The problem boils down to the nature of the Putin regime. Since coming to power 17 years ago (initially as prime minister) by ordering brutal force against Russia’s region of Chechnya, Putin has demonstrated a ruthless willingness to do whatever is necessary to stay in power. Any threat — real or imagined — is dealt with decisively, whether it originates inside Russia or abroad.
Since returning to the presidency in May 2012 after a four-year stint as prime minister, Putin has launched the worst crackdown on human rights in Russia in decades. Critics, journalists and opposition figures are regularly harassed and arrested — even killed, as happened to Boris Nemtsov just yards from the Kremlin in February 2015.
In Ukraine, Putin couldn’t stomach the prospect of citizens demanding an end to corruption and deeper integration with the West. Were Ukraine to succeed, it might pose a threatening alternative to Putin’s corrupt authoritarianism in Russia. So he invaded Ukraine in late February 2014, starting with the annexation of Crimea. Since then, nearly 10,000 Ukrainians have been killed trying to defend their country against Putin’s aggression. The next American president should provide lethal military assistance to help Ukrainians defend themselves.
Putin also intervened to prop up the murderous Bashar al-Assad in Syria, and the vast majority of Russian military strikes there have hit non-Islamic State targets. He threatens countries that host NATO’s missile defense system or that want to join NATO or the European Union. To justify his way of governing, he and his propagandists demonize the United States, perpetuating the myth that the United States is the biggest threat to Russia. His zero-sum way of thinking, demand for recognition of a Russian sphere of influence, interference in elections in other countries (even attempting to meddle in U.S. elections) and support for like-minded authoritarian leaders mean that Putin’s interests and ours are almost diametrically opposite.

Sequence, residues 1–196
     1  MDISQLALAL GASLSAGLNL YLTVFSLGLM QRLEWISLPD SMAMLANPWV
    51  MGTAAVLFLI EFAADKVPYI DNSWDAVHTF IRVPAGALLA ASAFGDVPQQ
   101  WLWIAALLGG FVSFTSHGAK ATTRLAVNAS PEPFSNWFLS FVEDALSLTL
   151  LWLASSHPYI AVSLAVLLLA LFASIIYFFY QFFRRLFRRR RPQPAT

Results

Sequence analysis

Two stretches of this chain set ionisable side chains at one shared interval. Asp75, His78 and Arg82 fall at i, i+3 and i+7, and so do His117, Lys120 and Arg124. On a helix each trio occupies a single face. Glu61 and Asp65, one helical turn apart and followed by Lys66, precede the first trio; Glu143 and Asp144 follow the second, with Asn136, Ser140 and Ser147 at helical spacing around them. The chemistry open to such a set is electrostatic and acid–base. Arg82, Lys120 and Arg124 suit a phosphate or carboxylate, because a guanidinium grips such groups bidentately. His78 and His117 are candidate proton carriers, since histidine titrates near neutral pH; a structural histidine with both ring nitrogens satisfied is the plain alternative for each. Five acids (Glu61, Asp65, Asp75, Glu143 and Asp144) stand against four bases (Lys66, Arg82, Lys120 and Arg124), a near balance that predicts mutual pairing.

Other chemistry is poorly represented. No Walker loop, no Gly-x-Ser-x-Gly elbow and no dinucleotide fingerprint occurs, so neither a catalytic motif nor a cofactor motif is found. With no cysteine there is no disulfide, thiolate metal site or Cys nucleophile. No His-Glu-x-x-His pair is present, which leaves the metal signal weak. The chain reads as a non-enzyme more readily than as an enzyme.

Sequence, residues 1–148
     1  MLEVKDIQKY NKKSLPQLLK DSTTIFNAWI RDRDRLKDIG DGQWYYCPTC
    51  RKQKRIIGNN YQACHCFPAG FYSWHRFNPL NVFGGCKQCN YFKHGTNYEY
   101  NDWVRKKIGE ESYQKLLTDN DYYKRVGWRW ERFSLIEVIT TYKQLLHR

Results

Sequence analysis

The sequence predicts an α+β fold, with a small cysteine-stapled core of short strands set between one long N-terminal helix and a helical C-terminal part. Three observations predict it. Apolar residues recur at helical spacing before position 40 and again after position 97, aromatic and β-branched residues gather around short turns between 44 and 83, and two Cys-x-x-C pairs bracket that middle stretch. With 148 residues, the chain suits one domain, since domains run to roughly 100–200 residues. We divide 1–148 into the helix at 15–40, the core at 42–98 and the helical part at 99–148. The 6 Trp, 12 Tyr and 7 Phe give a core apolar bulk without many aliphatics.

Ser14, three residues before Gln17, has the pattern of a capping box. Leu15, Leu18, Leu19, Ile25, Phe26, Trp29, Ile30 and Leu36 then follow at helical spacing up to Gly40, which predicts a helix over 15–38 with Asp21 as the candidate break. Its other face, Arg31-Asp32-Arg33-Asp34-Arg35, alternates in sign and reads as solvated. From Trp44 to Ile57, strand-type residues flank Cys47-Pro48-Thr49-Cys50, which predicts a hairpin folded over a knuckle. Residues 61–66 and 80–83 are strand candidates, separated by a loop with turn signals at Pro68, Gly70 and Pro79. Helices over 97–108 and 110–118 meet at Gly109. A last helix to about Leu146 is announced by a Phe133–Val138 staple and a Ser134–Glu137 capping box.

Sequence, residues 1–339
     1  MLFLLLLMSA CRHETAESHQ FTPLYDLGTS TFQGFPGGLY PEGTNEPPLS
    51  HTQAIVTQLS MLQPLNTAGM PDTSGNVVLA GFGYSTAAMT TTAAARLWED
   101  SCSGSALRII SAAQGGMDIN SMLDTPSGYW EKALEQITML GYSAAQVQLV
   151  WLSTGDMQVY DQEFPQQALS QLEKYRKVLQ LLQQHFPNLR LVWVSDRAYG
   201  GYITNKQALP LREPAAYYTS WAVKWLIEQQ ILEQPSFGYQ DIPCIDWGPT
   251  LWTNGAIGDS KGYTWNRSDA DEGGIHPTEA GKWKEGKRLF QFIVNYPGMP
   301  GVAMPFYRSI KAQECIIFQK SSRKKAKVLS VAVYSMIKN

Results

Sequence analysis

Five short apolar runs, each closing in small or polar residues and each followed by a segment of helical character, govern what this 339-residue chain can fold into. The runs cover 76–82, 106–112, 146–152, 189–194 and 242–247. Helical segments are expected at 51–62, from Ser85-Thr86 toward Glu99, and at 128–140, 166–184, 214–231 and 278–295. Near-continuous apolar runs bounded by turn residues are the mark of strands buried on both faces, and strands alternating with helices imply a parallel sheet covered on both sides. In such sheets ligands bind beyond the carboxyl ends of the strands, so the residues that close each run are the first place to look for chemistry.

The next U.S. administration should recognize that the nature of the Putin regime precludes real partnership between the United States and Russia and vastly limits areas of cooperation. Increasing engagement will not change that — both George W. Bush and Barack Obama tried and failed — and even risks appearing desperate, which Putin would exploit as weakness on our part.
We should stay true to our values and restore the notion of “linkage” by making clear that Putin’s mistreatment of his own people — and his neighbors — will adversely affect our bilateral ties. The next administration should implement more aggressively the Magnitsky Act for gross human rights abuses and maintain — even ramp up — sanctions against Russia for its ongoing violation of Ukraine’s sovereignty. And we should make sure that Putin’s best export — corruption — does not pollute our own way of doing business.